A pilot and his young passenger crash-land on a mountaintop and are put into suspended animation by a strange gas. They awake 500 years later to discover that the Earth is now ruled by a ... See full summary »
A pilot and his young passenger crash-land on a mountaintop and are put into suspended animation by a strange gas. They awake 500 years later to discover that the Earth is now ruled by a tyrannical despot called Killer Kane, and they lead a fight to overthrow him. Written by
After the serial came out, a second origin appeared in the comic strip in which Buck fell into a crater while looking for a meteor made from impervium, an indestructible metal used in the making of spaceships. Due to having hit the meteor when he fell in, Buck released the gas from inside and it put him to sleep for 500 years, only to be found by scientists and awakened. Again, this origin took place on Earth and not in space. There was a character in the strip who was in stasis in a satellite for 500 years, but his name was Dr. Laika; the story was inspired by the launch of Sputnik II. This is the origin given to Buck for the TV series. See more »
When Buck and Buddy infiltrate the council on Saturn, the second soldier reacts to being shot by Buck's laser gun before he is shot. See more »
From somewhere in the skies above us come, from time to time, flaming discs and weird phenomena. What are they? Whence have they come?
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Entertaining but weaker than the "Flash Gordon" franchise
I can't help comparing this 1939 serial to "Flash Gordon" (1936) and "Flash Gordon Conquers the Universe" (1940). Although some of the special effects (the ray guns and fleets of spaceships) are superior, "Buck Rogers" is less fun. It's not the fault of Buster Crabbe, who invests Rogers with the same heroic energy he gave to Gordon. And Jackie Moran shines as sidekick Buddy Wade (in the newspaper strip he was Buddy Deering, Wilma's younger brother). But the other actors fall short. So does the story and pacing.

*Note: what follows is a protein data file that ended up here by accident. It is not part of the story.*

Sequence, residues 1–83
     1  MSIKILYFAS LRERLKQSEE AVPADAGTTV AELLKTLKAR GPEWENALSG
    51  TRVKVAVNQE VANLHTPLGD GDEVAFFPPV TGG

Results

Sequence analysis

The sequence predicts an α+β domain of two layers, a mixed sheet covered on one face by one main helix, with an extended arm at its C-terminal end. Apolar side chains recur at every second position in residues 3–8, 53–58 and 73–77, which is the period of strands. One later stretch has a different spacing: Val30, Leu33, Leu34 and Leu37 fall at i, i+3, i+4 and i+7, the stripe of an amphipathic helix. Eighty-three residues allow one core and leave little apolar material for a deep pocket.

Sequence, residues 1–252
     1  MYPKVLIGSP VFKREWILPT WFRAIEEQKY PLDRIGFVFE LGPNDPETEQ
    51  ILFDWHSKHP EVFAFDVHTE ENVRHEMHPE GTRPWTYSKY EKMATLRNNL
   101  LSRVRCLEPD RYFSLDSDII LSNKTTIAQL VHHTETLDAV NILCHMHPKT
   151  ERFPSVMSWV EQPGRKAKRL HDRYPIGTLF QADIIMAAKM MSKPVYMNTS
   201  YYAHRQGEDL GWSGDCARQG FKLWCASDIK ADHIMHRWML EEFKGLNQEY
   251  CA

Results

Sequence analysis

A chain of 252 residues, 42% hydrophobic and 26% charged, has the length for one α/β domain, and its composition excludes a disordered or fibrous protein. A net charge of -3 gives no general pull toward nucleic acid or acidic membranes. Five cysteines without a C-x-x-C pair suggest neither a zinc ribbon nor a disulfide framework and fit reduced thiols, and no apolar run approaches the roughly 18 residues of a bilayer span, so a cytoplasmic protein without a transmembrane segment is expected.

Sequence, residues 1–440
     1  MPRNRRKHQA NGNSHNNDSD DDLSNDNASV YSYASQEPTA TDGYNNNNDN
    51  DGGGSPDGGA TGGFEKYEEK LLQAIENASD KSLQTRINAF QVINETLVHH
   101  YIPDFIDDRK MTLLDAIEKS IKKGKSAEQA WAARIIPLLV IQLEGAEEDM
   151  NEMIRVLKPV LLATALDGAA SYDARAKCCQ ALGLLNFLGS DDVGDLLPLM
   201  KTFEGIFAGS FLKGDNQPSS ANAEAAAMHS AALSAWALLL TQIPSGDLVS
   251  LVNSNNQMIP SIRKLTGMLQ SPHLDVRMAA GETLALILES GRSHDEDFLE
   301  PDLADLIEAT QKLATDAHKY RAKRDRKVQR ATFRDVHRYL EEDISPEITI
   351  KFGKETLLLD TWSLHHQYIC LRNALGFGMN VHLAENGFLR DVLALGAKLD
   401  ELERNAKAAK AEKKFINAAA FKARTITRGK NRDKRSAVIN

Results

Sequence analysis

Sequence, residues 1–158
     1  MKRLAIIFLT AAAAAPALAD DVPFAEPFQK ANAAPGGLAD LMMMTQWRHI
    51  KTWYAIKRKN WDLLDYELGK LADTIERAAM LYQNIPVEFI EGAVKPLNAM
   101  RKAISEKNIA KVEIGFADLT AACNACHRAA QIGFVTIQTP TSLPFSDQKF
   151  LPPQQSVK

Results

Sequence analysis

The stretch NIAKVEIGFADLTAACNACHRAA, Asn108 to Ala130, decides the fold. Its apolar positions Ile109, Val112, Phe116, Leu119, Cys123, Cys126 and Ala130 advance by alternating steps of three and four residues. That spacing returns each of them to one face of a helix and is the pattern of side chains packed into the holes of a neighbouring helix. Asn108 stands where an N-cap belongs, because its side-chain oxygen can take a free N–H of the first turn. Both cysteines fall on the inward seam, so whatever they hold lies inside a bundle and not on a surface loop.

Anthony Wade's Killer Kane is a colorless villain, lacking the panache of Charles Middleton's gleefully evil Ming the Merciless. He badly needs a slinky, sinister Ardala Valmar to spice things up. Constance Moore is a competent Wilma Deering but there's no chemistry between her and Crabbe. Moore lacks the passion Jean Rogers exhibited as Dale Arden in the "Flash" series or the breezy camaraderie Erin Gray displayed as Wilma Deering in the 1980s "Buck Rogers" television show. C. Montague Shaw is OK as Doctor Huer but doesn't have nearly as much to do as Frank Shannon's Doctor Zarkov (again, from the "Flash" serials).
After an exciting start, the serial falls down in the latter six episodes. It is typical of the genre to have a late episode replay scenes from earlier in the series to pad things out. But "Buck Rogers" does this twice. Serial plots also tend to have a lot of captures, escapes, and re-captures. "Flash Gordon" broke the monotony by having these occur in a variety of ways in a variety of locations. "Buck Rogers" has only two destinations: Earth and Saturn. Both planets apparently share the same rocky desert terrain. Doctor Huer has only one technological gimmick to help Buck. The heroes get stranded by crashed spaceships seemingly every other episode. And Kane's goons never tumble to the fact that it's Rogers driving that rocket cruiser reported missing from their hangar.
Given it's charismatic hero and quality special effects, "Buck Rogers" could have equaled or surpassed "Flash Gordon" if it had had stronger writing or more energetic secondary characters. Unfortunately, it has neither.
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